Chinese dairy giant China Mengniu Dairy Co. just got bigger. It has entered into an agreement that will see it take control of local infant formula maker Yashili. Mengniu is looking to reverse its fortunes in a category in which it has struggled. However, with concerns over food safety remaining high, there is a long road ahead as the company – and the country as a whole – look to build a safe and reliable dairy supply. Katy Askew reports.
China Mengniu Dairy Co. today (18 June) put the speculation to bed when it unveiled an offer to acquire Hong Kong-based infant formula group Yashili International Holdings.
A possible tie-up between the two companies was flagged last week, when each group halted trading in their shares pending an announcement. This morning that announcement came: Mengniu has issued an offer to acquire 100% of Yashili in a deal that values the company at around HK$11.35bn (US$1.46bn).
During 2012, Yashili generated net profit of CNY470.5m (US$75.7m), up 52.5%, on sales of CNY3.65bn, up 23.6%. The company operates a number of manufacturing facilities and is developing a plant in New Zealand.
Mengniu is offering HK$3.50 per share in cash, or a cash-and-share option of HK$2.82 in cash and 0.681 of a share in the “offeror”, which is “a private company set up by the offeror parent for the sole purpose of holding shares in the target”. The cash option represents a premium of approximately 9.4% over the closing price on Wednesday, the last full day that Yashili shares were traded.
While the acquisition is pending shareholder and regulatory approval, it seems only a matter of time before the deal is settled. Yashili’s two largest stakeholders have already agreed to sell their shares – worth a collective 75.3% of the outstanding share capital. Meanwhile, the Chinese government is pushing for consolidation in the dairy sector (and Mengniu’s largest shareholder is state-backed COFCO) so regulatory hurdles seem unlikely.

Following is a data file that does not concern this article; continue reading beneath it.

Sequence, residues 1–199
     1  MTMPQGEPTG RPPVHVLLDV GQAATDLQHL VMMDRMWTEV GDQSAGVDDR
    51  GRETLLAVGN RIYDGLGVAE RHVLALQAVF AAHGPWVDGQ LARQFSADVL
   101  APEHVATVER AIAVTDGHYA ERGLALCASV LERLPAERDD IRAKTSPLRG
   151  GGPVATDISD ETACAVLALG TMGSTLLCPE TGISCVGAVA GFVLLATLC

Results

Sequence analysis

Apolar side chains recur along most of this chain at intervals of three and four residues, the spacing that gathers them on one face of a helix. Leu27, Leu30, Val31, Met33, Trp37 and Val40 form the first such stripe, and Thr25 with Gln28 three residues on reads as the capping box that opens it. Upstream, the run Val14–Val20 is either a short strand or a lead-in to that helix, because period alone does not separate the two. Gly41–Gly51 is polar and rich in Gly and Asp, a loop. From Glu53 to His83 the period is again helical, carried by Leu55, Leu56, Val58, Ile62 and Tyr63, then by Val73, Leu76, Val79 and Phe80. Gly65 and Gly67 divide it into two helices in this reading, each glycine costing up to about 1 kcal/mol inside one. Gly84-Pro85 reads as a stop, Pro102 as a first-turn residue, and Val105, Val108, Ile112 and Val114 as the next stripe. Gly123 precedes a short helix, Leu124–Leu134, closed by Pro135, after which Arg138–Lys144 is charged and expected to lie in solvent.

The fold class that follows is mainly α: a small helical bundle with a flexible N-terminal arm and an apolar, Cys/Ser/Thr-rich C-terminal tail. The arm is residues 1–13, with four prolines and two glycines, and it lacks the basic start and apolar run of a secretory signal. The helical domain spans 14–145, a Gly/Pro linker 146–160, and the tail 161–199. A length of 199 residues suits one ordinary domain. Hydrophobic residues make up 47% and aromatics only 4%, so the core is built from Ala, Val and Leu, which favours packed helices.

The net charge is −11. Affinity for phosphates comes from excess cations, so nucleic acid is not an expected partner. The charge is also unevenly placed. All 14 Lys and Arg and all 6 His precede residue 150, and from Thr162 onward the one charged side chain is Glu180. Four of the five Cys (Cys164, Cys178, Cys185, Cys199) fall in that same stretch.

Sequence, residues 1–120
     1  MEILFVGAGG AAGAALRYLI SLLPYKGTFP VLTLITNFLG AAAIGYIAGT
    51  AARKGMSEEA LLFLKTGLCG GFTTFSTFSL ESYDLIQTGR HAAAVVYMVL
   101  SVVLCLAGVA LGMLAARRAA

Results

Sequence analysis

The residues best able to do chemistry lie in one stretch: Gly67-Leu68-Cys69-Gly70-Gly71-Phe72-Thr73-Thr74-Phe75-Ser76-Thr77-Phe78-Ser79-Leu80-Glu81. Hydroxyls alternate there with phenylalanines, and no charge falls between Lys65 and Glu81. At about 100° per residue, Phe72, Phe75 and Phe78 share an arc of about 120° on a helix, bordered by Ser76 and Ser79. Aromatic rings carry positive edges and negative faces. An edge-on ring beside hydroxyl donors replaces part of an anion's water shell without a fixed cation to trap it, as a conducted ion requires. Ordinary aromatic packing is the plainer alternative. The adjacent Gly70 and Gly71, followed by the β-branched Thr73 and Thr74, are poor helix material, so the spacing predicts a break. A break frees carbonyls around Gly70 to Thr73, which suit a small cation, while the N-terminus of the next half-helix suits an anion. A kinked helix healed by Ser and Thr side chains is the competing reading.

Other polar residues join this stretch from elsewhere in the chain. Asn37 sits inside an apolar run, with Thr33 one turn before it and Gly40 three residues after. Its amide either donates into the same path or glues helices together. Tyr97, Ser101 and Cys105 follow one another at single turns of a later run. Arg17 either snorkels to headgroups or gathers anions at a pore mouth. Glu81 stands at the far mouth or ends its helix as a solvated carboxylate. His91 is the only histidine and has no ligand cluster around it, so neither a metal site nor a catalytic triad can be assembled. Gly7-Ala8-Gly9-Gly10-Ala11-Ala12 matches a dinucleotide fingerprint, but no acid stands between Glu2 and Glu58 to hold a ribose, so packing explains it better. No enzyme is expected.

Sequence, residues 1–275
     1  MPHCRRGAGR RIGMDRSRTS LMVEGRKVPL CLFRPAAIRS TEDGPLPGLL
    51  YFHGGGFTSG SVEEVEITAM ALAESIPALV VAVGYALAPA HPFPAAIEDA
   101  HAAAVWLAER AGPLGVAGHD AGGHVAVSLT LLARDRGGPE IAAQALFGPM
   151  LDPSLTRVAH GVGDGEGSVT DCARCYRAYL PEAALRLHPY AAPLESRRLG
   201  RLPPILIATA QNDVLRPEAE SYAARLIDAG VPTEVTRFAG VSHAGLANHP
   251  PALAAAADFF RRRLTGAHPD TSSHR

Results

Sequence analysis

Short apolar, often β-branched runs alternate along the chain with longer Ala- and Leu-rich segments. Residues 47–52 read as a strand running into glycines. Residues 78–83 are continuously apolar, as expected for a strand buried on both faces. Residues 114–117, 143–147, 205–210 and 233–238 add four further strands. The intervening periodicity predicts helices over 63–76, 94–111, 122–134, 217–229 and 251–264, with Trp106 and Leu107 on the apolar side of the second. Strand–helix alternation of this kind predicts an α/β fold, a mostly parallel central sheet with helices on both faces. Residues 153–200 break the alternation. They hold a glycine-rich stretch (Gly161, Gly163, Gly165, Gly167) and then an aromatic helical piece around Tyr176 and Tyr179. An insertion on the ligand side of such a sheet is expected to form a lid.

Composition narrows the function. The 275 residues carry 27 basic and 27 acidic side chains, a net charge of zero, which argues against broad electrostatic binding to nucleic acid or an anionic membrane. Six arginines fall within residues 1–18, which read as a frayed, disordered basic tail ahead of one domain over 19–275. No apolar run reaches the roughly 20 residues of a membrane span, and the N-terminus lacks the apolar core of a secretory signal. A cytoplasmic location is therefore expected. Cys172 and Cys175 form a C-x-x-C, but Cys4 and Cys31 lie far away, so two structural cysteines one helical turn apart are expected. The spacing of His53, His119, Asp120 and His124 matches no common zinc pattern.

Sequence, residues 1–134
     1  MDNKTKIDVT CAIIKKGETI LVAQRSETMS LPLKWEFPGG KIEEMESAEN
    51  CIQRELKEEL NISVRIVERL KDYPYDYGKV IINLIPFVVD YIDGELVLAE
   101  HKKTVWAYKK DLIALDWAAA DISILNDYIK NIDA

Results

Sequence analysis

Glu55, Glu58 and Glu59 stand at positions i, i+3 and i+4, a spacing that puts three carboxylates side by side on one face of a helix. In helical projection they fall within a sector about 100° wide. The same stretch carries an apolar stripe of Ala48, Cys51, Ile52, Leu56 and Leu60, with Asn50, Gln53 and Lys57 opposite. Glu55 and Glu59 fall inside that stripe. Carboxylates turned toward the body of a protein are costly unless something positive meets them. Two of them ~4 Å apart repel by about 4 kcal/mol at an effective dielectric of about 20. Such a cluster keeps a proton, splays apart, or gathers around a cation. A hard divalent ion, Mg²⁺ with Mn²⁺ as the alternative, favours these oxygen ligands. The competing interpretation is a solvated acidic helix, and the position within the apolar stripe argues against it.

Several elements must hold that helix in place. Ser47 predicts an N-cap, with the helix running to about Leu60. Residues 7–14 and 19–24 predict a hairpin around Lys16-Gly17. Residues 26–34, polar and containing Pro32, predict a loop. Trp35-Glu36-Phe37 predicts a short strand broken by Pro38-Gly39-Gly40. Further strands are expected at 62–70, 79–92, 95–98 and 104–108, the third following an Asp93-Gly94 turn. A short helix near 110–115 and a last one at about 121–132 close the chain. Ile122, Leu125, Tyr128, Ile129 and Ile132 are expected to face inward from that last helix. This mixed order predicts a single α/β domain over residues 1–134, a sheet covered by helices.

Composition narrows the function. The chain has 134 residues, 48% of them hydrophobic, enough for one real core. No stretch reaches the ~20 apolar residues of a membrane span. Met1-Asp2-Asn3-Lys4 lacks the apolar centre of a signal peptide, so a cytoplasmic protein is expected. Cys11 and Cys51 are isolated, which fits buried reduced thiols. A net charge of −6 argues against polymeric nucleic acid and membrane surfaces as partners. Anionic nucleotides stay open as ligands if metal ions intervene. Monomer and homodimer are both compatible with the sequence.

Through the acquisition, Mengniu said it aims to strengthen its hand in the high-growth infant formula sector. As with many other domestic players, the company has struggled to rebuild the reputation of its infant formula business following the 2008 melamine scandal. Mengniu was one of around 20 companies implicated in the affair, when formula made from milk laced with the industrial chemical melamine killed six babies and sickened 300,000 more.
The scandal rocked the Chinese food industry and demand for Chinese-made infant formula has never recovered as consumers seek out higher-priced foreign alternatives. Indeed, since 2008 domestic infant manufacturers have been plagued by further scares. In 2011 Mengniu recalled baby formula containing high amounts of aflatoxin, a carcinogen produced by fungus in cows’ feed.
Even as sales from domestic companies remain under pressure, the overall market for infant formula is witnessing strong growth.
The market for infant products – led by baby formula – boasted a growth rate of around 20% in 2010, rising to a value of CNY154bn. Projections from analysts Research in China suggest the expansion is expected to continue with a growth rate of “over 15%” anticipated into 2015, when the sector is expected to reach a value of around CNY370bn.
Through the acquisition, Mengniu hopes to help improve the reputation of infant formula that is made in China. Mengniu CEO Sun Yiping said the company intends to “offer consumers with more choices in dairy products that are safe, healthy and of highest quality”.
“With the huge room for growth in China’s paediatric milk formula market, the partnership with Yashili, one of the most successful milk powder brands in China, will greatly strengthen both companies’ business platform… It will generate important synergies for the development of the two companies, thereby capture the rapid growth of pediatric milk formula market in China,” she emphasised.
SWS Research equities analyst Sean Zhang suggests the move will allow Mengniu to catch up with rivals in the infant formula category. “Mengniu could gain significantly in the infant formula sector, within which Mengniu actually is a laggard compare to its peers, such as Yili,” Zhang telld just-food. “Yashili could also benefit from the potential Mengniu’s investment in terms of sharing Mengniu’s vast sales network.”